And Thou, O Youth, for whom these lines are written, fear not; idealize your friend, for it is better to love and be deceived than not to love at all; idealize your masters, and take Shelley and Sidney to your bosom, so shall they serve you more nobly and you love them more sweetly than if the touch and sight of their mortality had been yours indeed; idealize your country, remembering that Brutus in the dagger-stroke and Cato in his death-darkness knew not the greater Rome, the proclaimer of the unity of our race, the codifier of justice, the establisher of our church, and died not knowing,—but do you believe in the purpose of God, so shall you best serve the times to be; and in your own life, fear not to act as your ideal shall command, in the constant presence of that other self who goes with you, as I have said, so shall you blend with him at the end. Fear not either to believe that the soul is as eternal as the order that obtains in it, wherefore you shall forever pursue that divine beauty which has here so touched and inflamed you,—for this is the faith of man, your race, and those who were fairest in its records. And have recourse always to the fountains of this life in literature, which are the wells of truth. How to live is the one matter; the wisest man in his ripe age is yet to seek in it; but Thou, begin now and seek wisdom in the beauty of virtue and live in its light, rejoicing in it; so in this world shall you live in the foregleam of the world to come.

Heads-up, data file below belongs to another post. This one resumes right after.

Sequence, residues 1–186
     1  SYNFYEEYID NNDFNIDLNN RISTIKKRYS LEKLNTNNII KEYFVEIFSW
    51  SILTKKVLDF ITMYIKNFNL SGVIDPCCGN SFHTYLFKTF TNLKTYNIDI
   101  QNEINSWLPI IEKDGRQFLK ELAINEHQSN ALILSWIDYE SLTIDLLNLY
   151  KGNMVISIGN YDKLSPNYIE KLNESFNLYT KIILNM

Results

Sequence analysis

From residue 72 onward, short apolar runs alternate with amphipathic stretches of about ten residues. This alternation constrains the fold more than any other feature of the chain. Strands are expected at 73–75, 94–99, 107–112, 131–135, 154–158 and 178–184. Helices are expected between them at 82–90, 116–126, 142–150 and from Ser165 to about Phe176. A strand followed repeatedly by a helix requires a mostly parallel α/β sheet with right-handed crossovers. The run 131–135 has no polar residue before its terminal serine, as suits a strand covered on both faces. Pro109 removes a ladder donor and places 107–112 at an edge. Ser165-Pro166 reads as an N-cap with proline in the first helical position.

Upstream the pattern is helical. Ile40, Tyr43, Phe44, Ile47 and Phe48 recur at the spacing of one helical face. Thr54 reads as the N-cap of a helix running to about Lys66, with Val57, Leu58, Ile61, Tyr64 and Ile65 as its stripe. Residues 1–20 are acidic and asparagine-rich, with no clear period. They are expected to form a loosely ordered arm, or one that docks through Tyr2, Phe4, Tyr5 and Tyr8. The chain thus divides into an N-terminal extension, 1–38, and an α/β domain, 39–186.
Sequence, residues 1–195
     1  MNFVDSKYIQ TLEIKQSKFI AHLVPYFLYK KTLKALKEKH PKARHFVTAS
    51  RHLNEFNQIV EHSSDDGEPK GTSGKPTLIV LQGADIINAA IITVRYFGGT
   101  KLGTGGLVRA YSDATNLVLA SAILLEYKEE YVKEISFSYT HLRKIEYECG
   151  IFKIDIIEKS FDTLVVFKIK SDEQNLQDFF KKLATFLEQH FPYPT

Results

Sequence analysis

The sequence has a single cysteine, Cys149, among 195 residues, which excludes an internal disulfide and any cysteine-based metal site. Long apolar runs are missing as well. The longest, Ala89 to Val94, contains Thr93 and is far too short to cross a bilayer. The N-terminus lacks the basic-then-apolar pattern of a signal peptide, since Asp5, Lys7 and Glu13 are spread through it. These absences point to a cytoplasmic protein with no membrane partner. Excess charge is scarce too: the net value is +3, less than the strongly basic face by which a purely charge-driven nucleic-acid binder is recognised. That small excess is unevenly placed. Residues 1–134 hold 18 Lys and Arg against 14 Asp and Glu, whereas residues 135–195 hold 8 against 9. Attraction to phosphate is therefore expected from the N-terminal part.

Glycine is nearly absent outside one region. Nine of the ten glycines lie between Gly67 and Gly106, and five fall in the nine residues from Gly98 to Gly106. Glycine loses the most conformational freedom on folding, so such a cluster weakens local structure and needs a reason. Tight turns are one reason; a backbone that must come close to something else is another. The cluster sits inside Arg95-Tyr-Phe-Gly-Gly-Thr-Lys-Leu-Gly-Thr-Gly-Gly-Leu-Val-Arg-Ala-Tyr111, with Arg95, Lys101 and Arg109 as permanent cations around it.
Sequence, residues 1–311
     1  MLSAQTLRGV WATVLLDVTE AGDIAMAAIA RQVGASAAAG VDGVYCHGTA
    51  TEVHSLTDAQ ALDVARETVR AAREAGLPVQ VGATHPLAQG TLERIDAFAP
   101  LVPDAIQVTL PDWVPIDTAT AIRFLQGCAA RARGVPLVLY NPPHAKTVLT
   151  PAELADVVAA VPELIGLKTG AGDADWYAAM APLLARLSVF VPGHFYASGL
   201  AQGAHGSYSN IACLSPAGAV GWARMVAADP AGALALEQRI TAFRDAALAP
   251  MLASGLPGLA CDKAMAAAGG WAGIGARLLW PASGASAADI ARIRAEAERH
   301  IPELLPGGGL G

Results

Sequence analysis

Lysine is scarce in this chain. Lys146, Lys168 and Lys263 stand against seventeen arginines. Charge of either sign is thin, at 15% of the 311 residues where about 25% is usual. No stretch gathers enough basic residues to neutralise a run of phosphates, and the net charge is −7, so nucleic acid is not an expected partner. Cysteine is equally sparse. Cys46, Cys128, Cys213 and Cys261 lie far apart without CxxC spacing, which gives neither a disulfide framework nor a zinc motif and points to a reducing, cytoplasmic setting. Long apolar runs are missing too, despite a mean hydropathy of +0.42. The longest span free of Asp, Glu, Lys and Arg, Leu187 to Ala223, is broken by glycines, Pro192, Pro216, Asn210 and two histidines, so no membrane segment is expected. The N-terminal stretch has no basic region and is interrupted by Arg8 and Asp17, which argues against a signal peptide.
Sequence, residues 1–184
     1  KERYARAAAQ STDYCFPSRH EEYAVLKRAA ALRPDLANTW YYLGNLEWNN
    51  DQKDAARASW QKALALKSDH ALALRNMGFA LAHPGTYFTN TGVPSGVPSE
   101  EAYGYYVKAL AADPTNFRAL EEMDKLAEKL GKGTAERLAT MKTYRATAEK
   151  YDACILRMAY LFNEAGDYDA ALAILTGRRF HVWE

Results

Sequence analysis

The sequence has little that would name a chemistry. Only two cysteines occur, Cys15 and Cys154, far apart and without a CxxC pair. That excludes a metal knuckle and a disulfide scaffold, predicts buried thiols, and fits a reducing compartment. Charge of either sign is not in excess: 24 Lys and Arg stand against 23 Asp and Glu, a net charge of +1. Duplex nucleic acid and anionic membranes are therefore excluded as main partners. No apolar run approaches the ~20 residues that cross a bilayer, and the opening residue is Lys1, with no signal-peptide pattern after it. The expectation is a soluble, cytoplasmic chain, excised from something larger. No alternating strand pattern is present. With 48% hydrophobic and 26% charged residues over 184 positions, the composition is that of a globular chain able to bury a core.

Democracy is a prophecy, and looks to the future; it is for this reason that it has its great career. Its faith is the substance of things hoped for and the evidence of things unseen, whose realization will be the labour of a long age. The life of historic nations has been a pursuit toward a goal under the impulse of ideas often obscurely comprehended,—world-ideas as we call them,—which they have embodied in accomplished facts and in the institutions and beliefs of mankind, lasting through ages; and as each nation has slowly grown aware of the idea which animated it, it has become self-conscious and conscious of greatness. That men are born equal is still a doctrine openly derided; that they are born free is not accepted without much nullifying limitation; that they are born in brotherhood is less readily denied. These three, the revolutionary words, liberty, equality, fraternity, are the substance of democracy, if the matter be well considered, and all else is but consequence.